Depressing Beliefs and Stoic Therapies – by Mary Braun

As far back as medical records go, physicians have been part therapist, part philosopher, part translational scientist. Today in semi-rural New Hampshire, in exam room number three, that tradition continues. But can the doctor heal herself?

John, my ten o’clock patient, loves his paycheck, but hates his boss. More specifically, John feels that his boss treats him disrespectfully. In order to keep working at his job he must face the question “Am I willing to let people treat me disrespectfully for money?” He does not want to believe that he is this sort of person. He can’t decide to stay because that’s demeaning and he is unwilling to leave because he fears he’d be poor. He’s stuck in a kind of limbo of perpetual deciding. Spending all this energy spinning meaninglessly causes him to be depressed.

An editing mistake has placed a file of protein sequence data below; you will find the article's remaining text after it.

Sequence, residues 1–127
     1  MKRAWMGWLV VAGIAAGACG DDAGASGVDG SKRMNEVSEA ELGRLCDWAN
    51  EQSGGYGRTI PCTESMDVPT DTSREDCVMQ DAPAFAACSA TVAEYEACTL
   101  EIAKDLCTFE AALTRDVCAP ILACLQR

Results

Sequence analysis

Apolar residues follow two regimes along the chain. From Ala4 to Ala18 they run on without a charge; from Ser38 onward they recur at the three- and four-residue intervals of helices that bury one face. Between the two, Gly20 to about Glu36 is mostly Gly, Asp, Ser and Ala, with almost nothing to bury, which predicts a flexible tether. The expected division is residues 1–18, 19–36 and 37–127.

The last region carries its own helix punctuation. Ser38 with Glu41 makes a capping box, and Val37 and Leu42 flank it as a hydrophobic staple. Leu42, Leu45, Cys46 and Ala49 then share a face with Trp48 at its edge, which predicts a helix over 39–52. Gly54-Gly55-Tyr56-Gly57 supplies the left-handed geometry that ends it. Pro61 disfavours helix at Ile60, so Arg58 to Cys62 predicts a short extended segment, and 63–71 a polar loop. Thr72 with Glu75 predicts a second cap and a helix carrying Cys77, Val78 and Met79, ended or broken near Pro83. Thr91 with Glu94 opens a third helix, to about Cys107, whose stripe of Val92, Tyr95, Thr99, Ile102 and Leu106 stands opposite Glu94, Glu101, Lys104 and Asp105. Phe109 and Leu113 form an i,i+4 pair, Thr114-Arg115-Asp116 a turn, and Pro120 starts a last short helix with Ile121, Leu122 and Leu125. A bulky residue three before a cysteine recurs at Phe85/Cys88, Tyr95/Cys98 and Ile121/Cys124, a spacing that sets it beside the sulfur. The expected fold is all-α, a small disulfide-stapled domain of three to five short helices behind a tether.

I want to say to him, “John, I hear you! I am stuck myself. My work is fine, but let me tell you about what is going on with my boyfriend!” I would tell him, if my professionalism didn’t stop me, that he’s not right for me and I know it. I know that I am not the sort of woman who would be afraid to be without a boyfriend, but I can see that I am. I feel bad to be unwilling to be alone; I deny to myself that I feel that way; I manufacture reasons I’m staying because I can’t admit the real one: I’m afraid to be alone. I have no ability to think any other thoughts or feel any other feelings because my brain is trapped in perpetual deciding, spinning, spinning, spinning.